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J Natl Cancer Inst. 2019 Feb 1;111(2):158-169. doi: 10.1093/jnci/djy087.

Circulating Vitamin D and Colorectal Cancer Risk: An International Pooling Project of 17 Cohorts.

Author information

1
Behavioral and Epidemiology Research Program, American Cancer Society, Atlanta, GA.
2
Departments of Epidemiology.
3
Section of Preventive Medicine and Epidemiology, Department of Medicine, Boston University School of Medicine, Boston, MA.
4
Division of Genetics, Department of Medicine, Brigham and Women's Hospital, Boston, MA.
5
Division of Cancer Epidemiology and Genetics, National Cancer Institute, National Institutes of Health, Department of Health and Human Services, Bethesda, MD.
6
Department of Epidemiology, Rollins School of Public Health, Winship Cancer Institute, Emory University, Atlanta, GA.
7
Biostatistics.
8
Channing Division of Network Medicine.
9
Division of Preventive Medicine, Department of Medicine, Brigham and Women's Hospital and Harvard Medical School, Boston, MA.
10
Division of Epidemiology, Department of Population Health and Perlmutter Cancer Center.
11
Epidemiology and Prevention Unit, Fondazione IRCCS Istituto Nazionale dei Tumori, Milan, Italy.
12
Division of Public Health Sciences, Fred Hutchinson Cancer Research Center, Seattle, WA.
13
Division of Epidemiology and Biostatistics, Department of Population Health, New York University School of Medicine, New York, NY.
14
Nutrition, Harvard T. H. Chan School of Public Health, Boston, MA.
15
Department of Preventive Medicine, Keck School of Medicine and Norris Comprehensive Cancer Center, University of Southern California, Los Angeles, CA.
16
Department of Occupational Medicine, Epidemiology and Prevention, Feinstein Institute for Medical Research, Hofstra Northwell School of Medicine, Great Neck, NY.
17
Heartland Assays, LLC, Ames, IA.
18
Section of Nutrition and Metabolism, International Agency for Research on Cancer (IARC-WHO), Lyon, France.
19
Division of Genetics and Epidemiology.
20
Department of Epidemiology, Johns Hopkins Bloomberg School of Public Health, Baltimore, MD.
21
Department of Food and Nutrition, Seoul National University, Seoul, Korea.
22
Department of Health National Institute for Health and Welfare, Helsinki, Finland.
23
Epidemiology Program, University of Hawaii Cancer Center, Honolulu, HI.
24
Department of Epidemiology, University of Michigan School of Public Health, Ann Arbor, MI.
25
Department of Epidemiology and Biostatistics, The School of Public Health, Imperial College London, London, UK.
26
Cancer Registry of Norway, Institute of Population-Based Cancer Research, Oslo, Norway.
27
Department of Epidemiology and Population Health, Albert Einstein College of Medicine, Bronx, NY.
28
Epidemiology and Prevention Group, Center for Public Health Sciences, National Cancer Center, Tokyo, Japan.
29
Division of Breast Cancer Research, The Institute of Cancer Research, London, UK.
30
Department of Health Promotion Sciences, University of Arizona Mel and Enid Zuckerman College of Public Health, Tucson, AZ.
31
Institute of Basic Medical Sciences, Medical Faculty, University of Oslo, Oslo, Norway.

Abstract

BACKGROUND:

Experimental and epidemiological studies suggest a protective role for vitamin D in colorectal carcinogenesis, but evidence is inconclusive. Circulating 25-hydroxyvitamin D (25(OH)D) concentrations that minimize risk are unknown. Current Institute of Medicine (IOM) vitamin D guidance is based solely on bone health.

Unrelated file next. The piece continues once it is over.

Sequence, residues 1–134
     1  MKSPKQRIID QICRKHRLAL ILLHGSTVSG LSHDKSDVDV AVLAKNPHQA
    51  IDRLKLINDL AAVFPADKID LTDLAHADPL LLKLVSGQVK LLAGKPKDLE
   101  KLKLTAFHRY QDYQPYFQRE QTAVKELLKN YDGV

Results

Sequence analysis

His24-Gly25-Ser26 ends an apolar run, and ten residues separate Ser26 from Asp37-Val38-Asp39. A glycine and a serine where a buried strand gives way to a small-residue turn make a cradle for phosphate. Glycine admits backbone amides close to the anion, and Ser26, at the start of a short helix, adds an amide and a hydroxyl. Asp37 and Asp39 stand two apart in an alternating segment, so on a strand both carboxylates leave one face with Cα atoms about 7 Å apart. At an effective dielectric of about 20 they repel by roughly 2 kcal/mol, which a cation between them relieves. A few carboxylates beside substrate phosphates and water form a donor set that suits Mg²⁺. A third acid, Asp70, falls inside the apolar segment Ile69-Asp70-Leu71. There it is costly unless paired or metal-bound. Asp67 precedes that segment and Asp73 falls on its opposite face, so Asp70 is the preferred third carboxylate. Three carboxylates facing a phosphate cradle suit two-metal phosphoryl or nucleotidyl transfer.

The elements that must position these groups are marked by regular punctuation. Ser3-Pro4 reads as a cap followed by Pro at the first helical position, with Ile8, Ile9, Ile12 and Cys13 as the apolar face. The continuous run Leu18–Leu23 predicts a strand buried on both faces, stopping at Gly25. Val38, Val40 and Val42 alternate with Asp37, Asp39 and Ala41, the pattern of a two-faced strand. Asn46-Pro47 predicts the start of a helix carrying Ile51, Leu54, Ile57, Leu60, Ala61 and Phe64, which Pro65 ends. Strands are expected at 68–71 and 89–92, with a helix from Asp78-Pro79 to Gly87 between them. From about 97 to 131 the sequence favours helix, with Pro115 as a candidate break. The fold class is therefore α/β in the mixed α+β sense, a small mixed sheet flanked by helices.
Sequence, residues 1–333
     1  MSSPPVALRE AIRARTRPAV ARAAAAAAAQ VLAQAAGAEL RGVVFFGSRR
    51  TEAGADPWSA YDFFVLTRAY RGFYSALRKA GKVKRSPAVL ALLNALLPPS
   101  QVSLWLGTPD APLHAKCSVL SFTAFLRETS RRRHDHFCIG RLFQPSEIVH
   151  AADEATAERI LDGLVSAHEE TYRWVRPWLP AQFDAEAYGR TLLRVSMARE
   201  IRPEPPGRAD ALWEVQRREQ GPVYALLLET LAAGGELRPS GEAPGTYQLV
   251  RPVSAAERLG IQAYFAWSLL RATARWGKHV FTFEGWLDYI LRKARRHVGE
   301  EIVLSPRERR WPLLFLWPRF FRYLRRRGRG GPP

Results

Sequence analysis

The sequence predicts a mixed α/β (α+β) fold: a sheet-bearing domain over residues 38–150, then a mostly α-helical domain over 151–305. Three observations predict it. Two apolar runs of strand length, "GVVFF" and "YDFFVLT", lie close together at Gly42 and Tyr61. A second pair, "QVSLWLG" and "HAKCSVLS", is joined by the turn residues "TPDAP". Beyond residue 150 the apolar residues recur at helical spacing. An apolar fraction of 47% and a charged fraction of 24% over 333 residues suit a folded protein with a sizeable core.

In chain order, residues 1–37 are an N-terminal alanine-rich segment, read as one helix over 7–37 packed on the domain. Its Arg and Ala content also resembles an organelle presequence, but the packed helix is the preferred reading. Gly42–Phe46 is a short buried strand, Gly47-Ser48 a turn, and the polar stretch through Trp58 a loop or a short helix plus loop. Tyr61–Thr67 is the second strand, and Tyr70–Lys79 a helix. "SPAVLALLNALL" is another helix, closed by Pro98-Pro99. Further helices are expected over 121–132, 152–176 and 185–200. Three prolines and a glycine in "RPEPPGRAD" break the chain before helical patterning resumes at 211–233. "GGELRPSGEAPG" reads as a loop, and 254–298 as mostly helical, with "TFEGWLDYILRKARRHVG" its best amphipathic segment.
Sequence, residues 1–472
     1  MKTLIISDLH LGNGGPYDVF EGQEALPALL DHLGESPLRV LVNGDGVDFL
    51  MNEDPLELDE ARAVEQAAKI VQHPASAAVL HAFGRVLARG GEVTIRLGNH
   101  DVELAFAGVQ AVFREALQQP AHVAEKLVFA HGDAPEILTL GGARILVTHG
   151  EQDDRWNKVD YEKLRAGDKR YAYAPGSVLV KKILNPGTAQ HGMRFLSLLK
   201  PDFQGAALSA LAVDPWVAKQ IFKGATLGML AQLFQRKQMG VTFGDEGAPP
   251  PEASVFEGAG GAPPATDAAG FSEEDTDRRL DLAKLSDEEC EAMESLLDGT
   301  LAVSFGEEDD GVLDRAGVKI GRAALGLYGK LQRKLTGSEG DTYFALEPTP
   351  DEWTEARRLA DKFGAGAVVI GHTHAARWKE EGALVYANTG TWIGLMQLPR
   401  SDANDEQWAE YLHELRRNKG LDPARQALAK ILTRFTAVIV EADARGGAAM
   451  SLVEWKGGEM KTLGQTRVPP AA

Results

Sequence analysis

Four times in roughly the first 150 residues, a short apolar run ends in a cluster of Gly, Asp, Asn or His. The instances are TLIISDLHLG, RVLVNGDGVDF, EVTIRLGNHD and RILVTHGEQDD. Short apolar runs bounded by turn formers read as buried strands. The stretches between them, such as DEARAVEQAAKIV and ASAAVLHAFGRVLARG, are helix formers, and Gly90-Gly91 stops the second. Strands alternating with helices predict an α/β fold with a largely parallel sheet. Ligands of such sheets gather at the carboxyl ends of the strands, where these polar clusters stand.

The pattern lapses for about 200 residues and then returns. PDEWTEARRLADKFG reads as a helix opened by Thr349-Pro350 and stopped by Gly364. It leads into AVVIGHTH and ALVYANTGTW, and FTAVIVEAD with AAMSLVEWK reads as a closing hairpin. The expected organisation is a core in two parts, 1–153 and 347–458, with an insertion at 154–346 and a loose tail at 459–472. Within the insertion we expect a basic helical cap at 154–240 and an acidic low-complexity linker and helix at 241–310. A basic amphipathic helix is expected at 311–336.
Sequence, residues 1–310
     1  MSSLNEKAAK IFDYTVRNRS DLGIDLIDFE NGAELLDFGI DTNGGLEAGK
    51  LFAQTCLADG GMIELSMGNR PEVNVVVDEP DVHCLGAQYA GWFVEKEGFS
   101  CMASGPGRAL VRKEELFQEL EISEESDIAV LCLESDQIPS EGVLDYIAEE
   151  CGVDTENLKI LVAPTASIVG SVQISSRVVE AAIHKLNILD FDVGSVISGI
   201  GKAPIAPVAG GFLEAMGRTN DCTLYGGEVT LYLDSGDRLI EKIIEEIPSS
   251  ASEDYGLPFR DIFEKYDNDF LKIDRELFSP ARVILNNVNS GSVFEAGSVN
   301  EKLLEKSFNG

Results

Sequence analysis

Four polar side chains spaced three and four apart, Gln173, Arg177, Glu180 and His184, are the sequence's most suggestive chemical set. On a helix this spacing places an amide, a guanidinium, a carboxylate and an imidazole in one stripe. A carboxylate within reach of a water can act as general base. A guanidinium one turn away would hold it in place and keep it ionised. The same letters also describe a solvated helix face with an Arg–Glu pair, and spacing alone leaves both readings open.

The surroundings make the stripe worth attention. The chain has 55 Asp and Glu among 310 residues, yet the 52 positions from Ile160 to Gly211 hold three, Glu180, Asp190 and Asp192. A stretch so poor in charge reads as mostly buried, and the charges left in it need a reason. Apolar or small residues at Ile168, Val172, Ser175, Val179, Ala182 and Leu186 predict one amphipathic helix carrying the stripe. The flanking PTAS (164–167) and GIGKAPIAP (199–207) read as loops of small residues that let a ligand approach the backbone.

METHODS:

We pooled participant-level data from 17 cohorts, comprising 5706 colorectal cancer case participants and 7107 control participants with a wide range of circulating 25(OH)D concentrations. For 30.1% of participants, 25(OH)D was newly measured. Previously measured 25(OH)D was calibrated to the same assay to permit estimating risk by absolute concentrations. Study-specific relative risks (RRs) for prediagnostic season-standardized 25(OH)D concentrations were calculated using conditional logistic regression and pooled using random effects models.

RESULTS:

Compared with the lower range of sufficiency for bone health (50-<62.5 nmol/L), deficient 25(OH)D (<30 nmol/L) was associated with 31% higher colorectal cancer risk (RR = 1.31, 95% confidence interval [CI] = 1.05 to 1.62); 25(OH)D above sufficiency (75-<87.5 and 87.5-<100 nmol/L) was associated with 19% (RR = 0.81, 95% CI = 0.67 to 0.99) and 27% (RR = 0.73, 95% CI = 0.59 to 0.91) lower risk, respectively. At 25(OH)D of 100 nmol/L or greater, risk did not continue to decline and was not statistically significantly reduced (RR = 0.91, 95% CI = 0.67 to 1.24, 3.5% of control participants). Associations were minimally affected when adjusting for body mass index, physical activity, or other risk factors. For each 25 nmol/L increment in circulating 25(OH)D, colorectal cancer risk was 19% lower in women (RR = 0.81, 95% CI = 0.75 to 0.87) and 7% lower in men (RR = 0.93, 95% CI = 0.86 to 1.00) (two-sided Pheterogeneity by sex = .008). Associations were inverse in all subgroups, including colorectal subsite, geographic region, and season of blood collection.

CONCLUSIONS:

Higher circulating 25(OH)D was related to a statistically significant, substantially lower colorectal cancer risk in women and non-statistically significant lower risk in men. Optimal 25(OH)D concentrations for colorectal cancer risk reduction, 75-100 nmol/L, appear higher than current IOM recommendations.

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